Thin Air

Essay by PaperNerd ContributorHigh School, 10th grade October 2001

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I read a fiction book entitled Thin Air, written by Gerald Hammond.

In the story, the main character is a man named Simon Parbitter, a murder mystery writer who is living in Scotland. The main character also is the narrator of the story. Simon's goal throughout the story was to solve the mystery of how a man nicknamed "Old Murdo" was murdered. Parbitter worked for Old Murdo as a part time handyman. His goal of solving the mystery is illustrated on page 92 of the book. Parbitter says to the widow of Old Murdo, and her son "I'm so, so, sorry about what happened, everyone is doing what they can to solve the case, and I personally won't stop until we find out who is behind this".

The conflict faced by Parbitter in solving the mystery is the high number of suspects involved, and the many theories surrounding the case.

The murder was committed in a rural area, and the lack of investigators also added to the difficulty in solving the mystery.

In the end, the murderer turns out to be Old Murdo's son Young Murdo, who commits suicide days after his father's death. Young Murdo shot his father after enduring more than twenty years of mistreatment at the hands of his father. To complicate the story, Young Murdo was in love with the neighboring farmer's daughter, a forbidden romance because of an ongoing feud between the two farm families. This story line is similar to Romeo and Juliet. This also gives Young Murdo even more cause to want his father dead.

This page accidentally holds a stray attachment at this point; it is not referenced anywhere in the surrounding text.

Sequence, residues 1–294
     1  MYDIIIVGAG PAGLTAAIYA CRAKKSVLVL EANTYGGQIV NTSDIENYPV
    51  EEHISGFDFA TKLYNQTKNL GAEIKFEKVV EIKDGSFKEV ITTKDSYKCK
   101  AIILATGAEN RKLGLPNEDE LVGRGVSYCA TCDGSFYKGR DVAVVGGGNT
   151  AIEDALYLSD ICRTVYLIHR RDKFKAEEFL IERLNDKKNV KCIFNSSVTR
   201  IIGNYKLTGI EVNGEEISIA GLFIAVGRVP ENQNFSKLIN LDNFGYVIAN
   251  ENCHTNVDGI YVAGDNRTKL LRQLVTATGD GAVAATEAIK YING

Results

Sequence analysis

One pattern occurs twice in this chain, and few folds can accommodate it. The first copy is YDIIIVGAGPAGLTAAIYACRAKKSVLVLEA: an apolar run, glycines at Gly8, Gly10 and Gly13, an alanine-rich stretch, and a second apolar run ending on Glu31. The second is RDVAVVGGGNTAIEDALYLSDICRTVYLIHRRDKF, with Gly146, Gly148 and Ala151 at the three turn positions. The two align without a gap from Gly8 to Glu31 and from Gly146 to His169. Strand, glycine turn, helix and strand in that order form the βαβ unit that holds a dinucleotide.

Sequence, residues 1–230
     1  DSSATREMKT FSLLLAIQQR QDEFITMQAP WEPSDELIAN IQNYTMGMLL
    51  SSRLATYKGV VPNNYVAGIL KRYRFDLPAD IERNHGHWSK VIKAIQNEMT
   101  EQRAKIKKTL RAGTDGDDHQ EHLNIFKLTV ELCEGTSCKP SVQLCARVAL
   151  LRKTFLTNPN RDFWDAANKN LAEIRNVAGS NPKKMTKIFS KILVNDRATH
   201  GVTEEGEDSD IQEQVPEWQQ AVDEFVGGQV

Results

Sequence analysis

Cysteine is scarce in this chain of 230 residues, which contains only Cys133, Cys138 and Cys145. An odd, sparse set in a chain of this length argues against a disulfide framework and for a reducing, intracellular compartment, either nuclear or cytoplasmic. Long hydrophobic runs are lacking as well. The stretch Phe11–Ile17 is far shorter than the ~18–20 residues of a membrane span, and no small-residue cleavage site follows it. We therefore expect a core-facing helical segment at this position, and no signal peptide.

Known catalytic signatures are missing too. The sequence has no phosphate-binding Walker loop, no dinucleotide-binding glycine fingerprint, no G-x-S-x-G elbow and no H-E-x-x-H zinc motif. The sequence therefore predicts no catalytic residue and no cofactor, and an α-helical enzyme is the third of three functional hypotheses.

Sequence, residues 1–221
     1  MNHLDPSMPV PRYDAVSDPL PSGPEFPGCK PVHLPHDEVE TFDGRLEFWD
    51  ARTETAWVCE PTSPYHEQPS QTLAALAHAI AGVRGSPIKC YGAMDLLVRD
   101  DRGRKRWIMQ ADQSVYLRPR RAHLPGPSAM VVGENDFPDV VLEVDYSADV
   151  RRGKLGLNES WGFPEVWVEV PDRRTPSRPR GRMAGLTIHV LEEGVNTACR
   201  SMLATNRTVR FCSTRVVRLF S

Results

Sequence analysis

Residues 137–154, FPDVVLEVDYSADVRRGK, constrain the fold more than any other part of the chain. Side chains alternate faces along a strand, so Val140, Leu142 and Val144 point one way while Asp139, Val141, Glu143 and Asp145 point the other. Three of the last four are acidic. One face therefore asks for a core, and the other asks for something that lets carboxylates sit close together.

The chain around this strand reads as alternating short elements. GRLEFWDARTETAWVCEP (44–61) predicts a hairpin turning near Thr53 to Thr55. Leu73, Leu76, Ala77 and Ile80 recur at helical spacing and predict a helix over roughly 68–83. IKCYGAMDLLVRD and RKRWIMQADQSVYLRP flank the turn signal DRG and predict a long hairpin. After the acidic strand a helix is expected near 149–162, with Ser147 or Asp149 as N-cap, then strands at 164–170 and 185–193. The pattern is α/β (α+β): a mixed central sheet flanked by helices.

After murdering his own father partly out of love for Alice McKee, she ends the relationship. Devastated, Young Murdo feels he has nothing to live for, puts cyanide in a rabbit hole and ends his life by breathing the fumes in the hole.

Although Parbitter eventually comes to know the truth surrounding the murder, for the young girl's sake, a cover up story was concocted and the case was closed, labeling it as an accidental shooting of the father, followed by the suicide of the guilt-ridden son.

The author does a good job describing the setting throughout the story. On page 1 he says "I was at my desk looking South past the blank screen of my word processor, and across the farm land which glowed and shimmered in the bright July sunshine. The scene represented some of the best of he Scotch borders, fertile and ripening and punctuated by trees in full leaf." I thought that this book was good because of the suspense, and the fact that the reader is kept guessing almost until the last page. It was confusing because there were over twenty characters to keep track of, and they all had their own stories. Almost all of these characters were suspects at one time or another, keeping the reader interested in the story until the mystery is finally solved.